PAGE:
The Bodily Self

European Research Council: Embodied Minds and Mentalised Bodies (BODILY SELF)

ERC call: Starting Investigator Grant 2012

ERC funding: €1.5 million for five years

Research area: The human mind and its complexity

Principal Investigator: Dr Katerina Fotopoulou

Host institution: University College London (UK)


ERC Project: Constructing the self

How does our acting, sensing and feeling body shape our mind? Dr Katerina Fotopoulou’s ERC-funded project is an ambitious exploration of the relationship between the body and the mind which spans philosophy, psychology and clinical neuroscience. She will be presenting her work at the World Economic Forum Annual Meeting of the New Champions  in Tianjin, China (10-12 September). In preparation for her presentation, Dr Fotopoulou is concentrating on one particular aspect of her research: the ramifications of body image.

Continue reading about the project on the ERC website here.



Embodied Minds

Primary sensorimotor signals, including both interoceptive and exteroceptive signals about the body, are integrated and re-represented in various levels of the neurocognitive hierarchy. This re-representation of information in higher cortical areas is assumed to allow conscious awareness and more flexible behavior. KatLab is interested in the precise neurobiological mechanisms by which bodily signals are integrated and re-mapped in the brain to ultimately form our coherent, conscious sense of embodiment. To understand the nature of the later we use several experimental ‘tricks’ from  cognitive neuroscience to systematically manipulate sensorimotor signals, promote their integration, or generate conflicts and illusions, and hence study their role in body awareness in healthy individuals, as well as in prototypical, neuropsychological and neuropsychiatric disorders of body unawareness, such as anosognosia for hemiplegia.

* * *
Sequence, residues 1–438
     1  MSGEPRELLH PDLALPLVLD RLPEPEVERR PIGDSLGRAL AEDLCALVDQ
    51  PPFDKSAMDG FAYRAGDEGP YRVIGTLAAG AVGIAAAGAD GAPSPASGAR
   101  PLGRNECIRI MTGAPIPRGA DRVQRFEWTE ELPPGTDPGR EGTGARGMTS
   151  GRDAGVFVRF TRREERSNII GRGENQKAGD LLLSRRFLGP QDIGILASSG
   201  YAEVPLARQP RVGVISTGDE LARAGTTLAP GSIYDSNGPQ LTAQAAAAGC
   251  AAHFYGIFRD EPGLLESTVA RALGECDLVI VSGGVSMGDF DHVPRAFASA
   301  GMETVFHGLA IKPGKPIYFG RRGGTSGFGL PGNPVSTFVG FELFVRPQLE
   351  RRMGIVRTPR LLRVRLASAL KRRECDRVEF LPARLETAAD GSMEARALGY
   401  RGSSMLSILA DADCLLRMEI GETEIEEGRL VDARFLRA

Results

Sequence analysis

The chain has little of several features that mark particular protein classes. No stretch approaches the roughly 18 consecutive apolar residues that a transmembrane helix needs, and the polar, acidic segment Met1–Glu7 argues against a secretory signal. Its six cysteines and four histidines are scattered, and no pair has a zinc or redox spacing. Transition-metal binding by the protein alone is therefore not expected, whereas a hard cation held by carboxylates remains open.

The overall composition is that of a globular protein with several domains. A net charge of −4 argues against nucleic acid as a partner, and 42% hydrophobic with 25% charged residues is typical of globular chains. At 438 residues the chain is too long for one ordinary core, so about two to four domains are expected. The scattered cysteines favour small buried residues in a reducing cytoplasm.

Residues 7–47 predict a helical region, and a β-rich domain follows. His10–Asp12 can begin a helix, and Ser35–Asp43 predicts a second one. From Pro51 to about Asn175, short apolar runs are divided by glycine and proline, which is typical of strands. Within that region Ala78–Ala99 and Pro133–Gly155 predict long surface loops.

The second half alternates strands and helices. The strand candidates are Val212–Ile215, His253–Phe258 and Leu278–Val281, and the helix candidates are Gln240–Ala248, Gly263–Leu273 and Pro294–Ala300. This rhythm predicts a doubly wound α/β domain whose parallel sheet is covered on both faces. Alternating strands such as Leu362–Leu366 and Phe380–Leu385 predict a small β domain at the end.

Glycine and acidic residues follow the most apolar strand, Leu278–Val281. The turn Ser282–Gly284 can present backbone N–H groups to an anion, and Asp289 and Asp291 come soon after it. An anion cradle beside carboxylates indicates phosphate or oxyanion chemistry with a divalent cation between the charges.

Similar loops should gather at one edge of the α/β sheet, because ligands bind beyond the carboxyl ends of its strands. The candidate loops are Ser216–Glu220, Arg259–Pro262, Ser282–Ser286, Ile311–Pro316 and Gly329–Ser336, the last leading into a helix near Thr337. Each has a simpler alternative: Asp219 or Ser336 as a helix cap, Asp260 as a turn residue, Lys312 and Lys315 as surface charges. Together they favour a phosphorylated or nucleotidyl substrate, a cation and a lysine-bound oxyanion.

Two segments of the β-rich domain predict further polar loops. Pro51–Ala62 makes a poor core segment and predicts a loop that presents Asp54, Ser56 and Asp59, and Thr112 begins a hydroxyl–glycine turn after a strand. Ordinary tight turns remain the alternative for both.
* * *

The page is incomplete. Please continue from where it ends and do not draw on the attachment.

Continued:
Mentalised Bodies

Our body awareness is not something that depends solely (or solipsistically) on mental or brain processes that belong to the singular individual. Instead the self is socially or intersubjectively constituted. The notion of a socially constituted self has had many different voices in philosophy and more recently neuroscience. To this date debates unfold about the precise nature of intersubjectivity in relation to the architecture of the mind. In KatLab we attempt to address this topic by conducting unprecedented neuroscientific studies that focus on how the physical presence of others, as well as our interactions and relationship with them modulate our (inter)subjective experience of our body. We are particularly interested in how hierarchical re-mappings of interoceptive signals are modulated by social contextual factors and integrated with other sensorimotor information to form multimodal representations of the body.


Katlab Team